One of our leading scientist-bloggers, geneticist Ricki Lewis, continued her much appreciated series in DNA Science blog on gene therapy, with a twin focus on the latest research and the brave children and families who volunteer to take part in attempts at its clinical translation.
Most read this year from Ricki are: Second Gene Therapy Nears Approval in Europe: Lessons for CRISPR? And Hannah’s 2016: From Curling Toes to Gene Therapy.
The meta in meta research
In the fast emerging science of research practices, Hilda Bastian’s Absolutely Maybe blog is a major resource. This year, Hilda’s most read post was Psychology’s Meta-Analysis Problem in which she summed up the key problem she found in her examination of ten non-therapeutic, non-imaging meta-analyses in psychology, writing, “The risk of bias in the studies meta-analyzed was mostly unquestioned.” Also popular in this category was PLOS Biology Associate Editor Lauren Richardson’s comment in PLOS Biologue on changing views towards the primary metric used by researchers for demonstrating their study results are “statistically significant.” Read Lauren’s, Is the P-Value Pointless?
Also noteworthy for research authors, Measuring Up: Impact Factors Do Not Reflect Citation Rates in the Official PLOS BLOG.
Celebrating the ‘bread and butter’ of science
Basic research and its potential clinical applications are a constant theme for our PLOS Neuro Community blog editors, post-docs Emilie Reas and Giuseppe Gangarossa. Two examples, both featuring new research published in PLOS ONE, are Ketones to combat Alzheimer’s disease and Fighting addiction through the gut-brain axis…the future?
Researchers, like your average Facebook user, love to click on pics and videos featuring frisky cats. But, as we’ve found at PLOSBLOGS, our readers really do want more than cute in their animal stories. Our stats tell us that they’re quite partial to the science of animal cognition. Proof is found in the many thousands of views received by science writer Mary Bates for her post, Critically Endangered Hawaiian Crow Joins the Tool-Users Club in the PLOS Ecology Community blog. Neither do our readers discriminate against scaly extinct creatures; witness the enthusiastic reception given to Jon Tennant’s The First Crocodile Ancestors, in PLOS Paleo.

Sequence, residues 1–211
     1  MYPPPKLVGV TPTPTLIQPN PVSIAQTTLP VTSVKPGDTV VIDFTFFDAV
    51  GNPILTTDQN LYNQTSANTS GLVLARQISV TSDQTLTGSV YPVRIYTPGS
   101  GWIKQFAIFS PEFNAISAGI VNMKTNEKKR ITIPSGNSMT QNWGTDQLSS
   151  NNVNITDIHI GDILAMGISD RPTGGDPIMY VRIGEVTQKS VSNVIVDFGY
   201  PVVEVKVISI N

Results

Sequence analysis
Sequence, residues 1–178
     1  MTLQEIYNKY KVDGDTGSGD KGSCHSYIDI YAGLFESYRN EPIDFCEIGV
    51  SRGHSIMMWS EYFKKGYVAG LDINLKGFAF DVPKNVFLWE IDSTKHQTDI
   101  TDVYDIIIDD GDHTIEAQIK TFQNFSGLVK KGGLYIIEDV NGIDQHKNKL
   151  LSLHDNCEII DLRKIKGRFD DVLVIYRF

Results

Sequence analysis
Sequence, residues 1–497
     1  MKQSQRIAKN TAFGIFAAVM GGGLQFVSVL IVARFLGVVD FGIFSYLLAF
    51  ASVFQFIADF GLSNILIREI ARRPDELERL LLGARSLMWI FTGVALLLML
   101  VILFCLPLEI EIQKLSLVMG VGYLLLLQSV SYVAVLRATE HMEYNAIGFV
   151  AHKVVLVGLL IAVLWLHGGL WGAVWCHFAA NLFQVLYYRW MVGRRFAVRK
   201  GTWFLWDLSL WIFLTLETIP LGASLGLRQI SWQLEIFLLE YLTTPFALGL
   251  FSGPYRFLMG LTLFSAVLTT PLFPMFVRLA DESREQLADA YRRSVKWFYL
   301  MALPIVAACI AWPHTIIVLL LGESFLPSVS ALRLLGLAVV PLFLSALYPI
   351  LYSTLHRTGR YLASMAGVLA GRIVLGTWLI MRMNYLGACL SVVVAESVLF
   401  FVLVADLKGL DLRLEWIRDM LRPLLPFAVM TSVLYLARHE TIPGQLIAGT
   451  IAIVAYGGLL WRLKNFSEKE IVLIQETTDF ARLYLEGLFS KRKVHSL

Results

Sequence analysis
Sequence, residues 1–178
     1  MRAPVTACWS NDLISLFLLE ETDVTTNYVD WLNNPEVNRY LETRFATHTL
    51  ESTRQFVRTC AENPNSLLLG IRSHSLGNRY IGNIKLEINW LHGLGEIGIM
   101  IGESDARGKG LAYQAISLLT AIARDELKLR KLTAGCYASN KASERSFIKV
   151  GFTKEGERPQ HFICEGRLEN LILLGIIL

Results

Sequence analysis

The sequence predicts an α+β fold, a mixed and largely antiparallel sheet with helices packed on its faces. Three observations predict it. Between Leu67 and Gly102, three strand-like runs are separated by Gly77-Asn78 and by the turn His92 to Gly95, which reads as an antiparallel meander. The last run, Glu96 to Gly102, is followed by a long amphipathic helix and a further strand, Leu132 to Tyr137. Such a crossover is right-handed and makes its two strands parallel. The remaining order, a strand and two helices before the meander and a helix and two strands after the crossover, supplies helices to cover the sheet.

We welcomed one new blogger to our network roster in 2016. Biology researcher/professor and science education reformer Mike Klymkowsky of University of Colorado, Boulder has shaken things up and gotten a lot of attention for our SciEd blog with such posts as In an age of rampant narcissism and social cheating – the importance of teaching social evolutionary mechanisms and Recognizing Scientific Literacy and Illiteracy.
I’ve only scratched the surface with these top 16 of 2016, so I hope you’ll dive in and find many more gems. As always, PLOS Blogs Network depends for its success upon the generosity and curiosity of our contributors and readers, along with your commitment to go wherever the science takes you. Thanks for another great year. And, if you wish to blog, please send us a brief note outlining your interest and background at firstname.lastname@example.org. We’re especially interested in bloggers who can address climate science in ways that reach across the scientist-nonscientist divide — and science communication as a discipline in and of itself.
(Please accept my apologies in advance for squeezing in more top posts than the promised 16.)
Here’s to a productive and happy 2017!